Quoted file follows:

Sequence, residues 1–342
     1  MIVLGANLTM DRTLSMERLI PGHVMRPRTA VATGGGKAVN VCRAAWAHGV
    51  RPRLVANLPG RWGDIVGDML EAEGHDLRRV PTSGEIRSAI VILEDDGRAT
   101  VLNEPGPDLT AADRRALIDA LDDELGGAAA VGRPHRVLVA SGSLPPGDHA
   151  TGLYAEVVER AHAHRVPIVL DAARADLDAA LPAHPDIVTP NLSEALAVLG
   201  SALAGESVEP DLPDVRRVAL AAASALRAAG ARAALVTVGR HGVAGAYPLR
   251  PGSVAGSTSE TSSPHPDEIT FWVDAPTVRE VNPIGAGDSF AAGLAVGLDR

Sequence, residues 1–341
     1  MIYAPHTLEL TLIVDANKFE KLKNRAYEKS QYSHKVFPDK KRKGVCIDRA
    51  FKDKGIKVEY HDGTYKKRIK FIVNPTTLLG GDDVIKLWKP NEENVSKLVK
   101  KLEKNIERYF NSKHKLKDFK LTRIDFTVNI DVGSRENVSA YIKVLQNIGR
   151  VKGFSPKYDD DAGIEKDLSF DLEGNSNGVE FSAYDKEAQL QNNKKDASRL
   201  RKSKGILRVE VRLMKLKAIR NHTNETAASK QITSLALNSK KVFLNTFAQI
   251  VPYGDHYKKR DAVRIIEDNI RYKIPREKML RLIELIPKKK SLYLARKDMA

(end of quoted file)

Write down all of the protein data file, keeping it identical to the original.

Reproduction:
Sequence, residues 1–342
     1  MIVLGANLTM DRTLSMERLI PGHVMRPRTA VATGGGKAVN VCRAAWAHGV
    51  RPRLVANLPG RWGDIVGDML EAEGHDLRRV PTSGEIRSAI VILEDDGRAT
   101  VLNEPGPDLT AADRRALIDA LDDELGGAAA VGRPHRVLVA SGSLPPGDHA
   151  TGLYAEVVER AHAHRVPIVL DAARADLDAA LPAHPDIVTP NLSEALAVLG
   201  SALAGESVEP DLPDVRRVAL AAASALRAAG ARAALVTVGR HGVAGAYPLR
   251  PGSVAGSTSE TSSPHPDEIT FWVDAPTVRE VNPIGAGDSF AAGLAVGLDR

Sequence, residues 1–341
     1  MIYAPHTLEL TLIVDANKFE KLKNRAYEKS QYSHKVFPDK KRKGVCIDRA
    51  FKDKGIKVEY HDGTYKKRIK FIVNPTTLLG GDDVIKLWKP NEENVSKLVK
   101  KLEKNIERYF NSKHKLKDFK LTRIDFTVNI DVGSRENVSA YIKVLQNIGR
   151  VKGFSPKYDD DAGIEKDLSF DLEGNSNGVE FSAYDKEAQL QNNKKDASRL
   201  RKSKGILRVE VRLMKLKAIR NHTNETAASK QITSLALNSK KVFLNTFAQI
   251  VPYGDHYKKR DAVRIIEDNI RYKIPREKML RLIELIPKKK SLYLARKDMA